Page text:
This, Whole Farro, grain is synonymous with Italy and a very important part of Roman and Tuscan cuisine. Like Barley, Spelt, and other hulled grains, farro has a nutty, hearty taste. It is a versatile ingredient and can be used in everything from cold salads to soups or vegetable dishes.
Suggestions: Mix Whole Farro and Freeze-Dried Porcini to make a cream, rustic healthy risotto.
About Rustichella d’Abruzzo
On Sunday, all the children would gather in the family home Sergiacomo, a little white house in the “Carmine” in Penne district, surrounded by an evergreen garden, an olive tree, and a host of geraniums including occasional vessels. That house had seen them grow. Not everyone had started a family, but Sunday was the day where everyone returned to their old home to spend a day together. The only ones who had not met a soul mate were Uncle Lino and Aunt Serafina. The Seraphim aunt had remained with her parents working at the old pasta factory that was on the lower floor of the house, which was built by her grandfather Raffaele and grandmother Mariapalma. Affectionately called “Fafina,” for the occasion, Aunt Fafina prepared “The RUSTICHELLE” and kneaded, with the small kneading machine, semolina advancing with eggs from the hens of the backyard. Quell’impasto was so valuable because it did not provide water but only eggs. It was then pushed from the vine into the bell and bronze die, giving a rough chitarrone worthy of the Sunday gravy. After 90 years, Aunt Fafina’s recipe is revived by Rustichella d’Abruzzo. The RUSTICHELLE of durum wheat, the vestina employing 100% of the hens’ eggs for a typical format of the culinary tradition of Abruzzo.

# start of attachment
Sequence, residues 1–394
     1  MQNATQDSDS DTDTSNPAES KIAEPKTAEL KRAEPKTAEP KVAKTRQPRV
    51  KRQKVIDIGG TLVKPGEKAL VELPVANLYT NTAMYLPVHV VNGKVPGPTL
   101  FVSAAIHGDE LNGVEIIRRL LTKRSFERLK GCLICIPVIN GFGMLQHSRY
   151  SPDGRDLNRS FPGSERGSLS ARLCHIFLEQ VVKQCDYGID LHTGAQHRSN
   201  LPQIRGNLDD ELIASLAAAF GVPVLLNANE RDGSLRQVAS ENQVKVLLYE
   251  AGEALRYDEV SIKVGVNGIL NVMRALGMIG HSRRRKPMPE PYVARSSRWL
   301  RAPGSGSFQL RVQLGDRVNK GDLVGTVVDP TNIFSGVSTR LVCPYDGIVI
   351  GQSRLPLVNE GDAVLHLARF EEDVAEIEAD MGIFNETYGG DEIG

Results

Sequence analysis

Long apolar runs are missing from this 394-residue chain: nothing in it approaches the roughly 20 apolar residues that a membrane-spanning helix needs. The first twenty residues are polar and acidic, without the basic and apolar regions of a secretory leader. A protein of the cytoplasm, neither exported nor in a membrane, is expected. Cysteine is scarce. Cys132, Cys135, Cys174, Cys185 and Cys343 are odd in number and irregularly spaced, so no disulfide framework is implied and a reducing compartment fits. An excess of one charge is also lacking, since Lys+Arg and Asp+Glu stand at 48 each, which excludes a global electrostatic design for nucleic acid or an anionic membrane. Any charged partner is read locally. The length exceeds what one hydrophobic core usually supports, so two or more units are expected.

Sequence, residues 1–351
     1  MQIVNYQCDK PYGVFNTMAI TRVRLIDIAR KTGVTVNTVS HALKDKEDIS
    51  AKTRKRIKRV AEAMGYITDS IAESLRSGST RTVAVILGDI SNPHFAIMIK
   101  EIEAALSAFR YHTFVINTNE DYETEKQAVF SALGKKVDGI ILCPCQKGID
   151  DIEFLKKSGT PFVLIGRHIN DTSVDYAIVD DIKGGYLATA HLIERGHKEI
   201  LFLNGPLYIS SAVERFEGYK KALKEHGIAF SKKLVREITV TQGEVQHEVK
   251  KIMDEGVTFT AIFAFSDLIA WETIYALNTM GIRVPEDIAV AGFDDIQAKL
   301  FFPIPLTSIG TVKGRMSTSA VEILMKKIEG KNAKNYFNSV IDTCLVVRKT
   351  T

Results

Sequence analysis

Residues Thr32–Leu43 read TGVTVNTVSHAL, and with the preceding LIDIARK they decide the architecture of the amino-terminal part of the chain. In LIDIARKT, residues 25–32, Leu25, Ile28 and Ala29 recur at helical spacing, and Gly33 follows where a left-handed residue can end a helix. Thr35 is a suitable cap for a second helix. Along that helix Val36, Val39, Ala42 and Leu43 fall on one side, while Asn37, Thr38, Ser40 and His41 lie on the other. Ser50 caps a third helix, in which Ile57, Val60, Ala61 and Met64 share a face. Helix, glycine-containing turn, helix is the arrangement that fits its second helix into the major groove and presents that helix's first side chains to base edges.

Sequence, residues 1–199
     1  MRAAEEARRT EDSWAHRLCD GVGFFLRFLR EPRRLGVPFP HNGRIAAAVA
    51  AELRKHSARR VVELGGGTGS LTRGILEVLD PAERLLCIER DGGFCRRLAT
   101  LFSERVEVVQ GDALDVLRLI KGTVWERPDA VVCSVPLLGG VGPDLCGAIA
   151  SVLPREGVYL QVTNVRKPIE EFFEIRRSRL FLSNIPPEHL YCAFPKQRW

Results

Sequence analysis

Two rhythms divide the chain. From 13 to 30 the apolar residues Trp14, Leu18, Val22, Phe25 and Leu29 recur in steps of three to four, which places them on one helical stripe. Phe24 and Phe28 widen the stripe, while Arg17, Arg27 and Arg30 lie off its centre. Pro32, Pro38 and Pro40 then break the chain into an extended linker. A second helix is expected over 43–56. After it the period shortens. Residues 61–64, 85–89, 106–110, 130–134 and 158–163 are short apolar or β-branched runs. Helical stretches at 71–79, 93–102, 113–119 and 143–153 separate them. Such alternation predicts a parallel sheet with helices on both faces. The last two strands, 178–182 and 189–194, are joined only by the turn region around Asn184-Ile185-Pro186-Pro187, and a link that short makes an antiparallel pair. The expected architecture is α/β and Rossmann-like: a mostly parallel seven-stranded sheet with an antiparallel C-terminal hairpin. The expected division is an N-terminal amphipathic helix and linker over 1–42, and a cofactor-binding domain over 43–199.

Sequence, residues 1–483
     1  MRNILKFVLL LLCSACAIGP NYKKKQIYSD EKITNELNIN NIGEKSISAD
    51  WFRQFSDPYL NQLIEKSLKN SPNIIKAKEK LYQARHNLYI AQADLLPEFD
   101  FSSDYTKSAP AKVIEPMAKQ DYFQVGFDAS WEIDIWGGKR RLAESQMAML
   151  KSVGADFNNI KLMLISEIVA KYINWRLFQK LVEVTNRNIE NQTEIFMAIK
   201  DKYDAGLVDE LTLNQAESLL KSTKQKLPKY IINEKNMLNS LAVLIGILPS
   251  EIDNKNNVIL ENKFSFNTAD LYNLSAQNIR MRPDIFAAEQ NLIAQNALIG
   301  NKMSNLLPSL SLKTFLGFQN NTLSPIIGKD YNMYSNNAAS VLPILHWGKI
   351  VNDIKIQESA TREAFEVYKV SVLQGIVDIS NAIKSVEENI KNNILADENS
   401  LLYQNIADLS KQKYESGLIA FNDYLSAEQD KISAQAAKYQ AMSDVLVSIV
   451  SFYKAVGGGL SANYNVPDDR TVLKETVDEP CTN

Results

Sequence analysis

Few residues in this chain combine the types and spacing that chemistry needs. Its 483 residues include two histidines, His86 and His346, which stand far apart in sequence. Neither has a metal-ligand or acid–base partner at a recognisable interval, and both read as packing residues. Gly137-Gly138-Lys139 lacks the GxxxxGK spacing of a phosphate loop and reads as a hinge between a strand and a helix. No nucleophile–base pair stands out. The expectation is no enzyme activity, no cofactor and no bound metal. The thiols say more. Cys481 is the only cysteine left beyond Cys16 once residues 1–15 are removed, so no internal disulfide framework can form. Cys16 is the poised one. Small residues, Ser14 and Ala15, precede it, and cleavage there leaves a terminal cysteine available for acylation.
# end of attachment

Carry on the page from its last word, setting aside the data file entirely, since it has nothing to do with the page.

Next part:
Farro is a food composed of the grains of certain wheat species, sold dried, and prepared by cooking in water until soft. People eat it plain and often use it as an ingredient in salads, soups, and other dishes.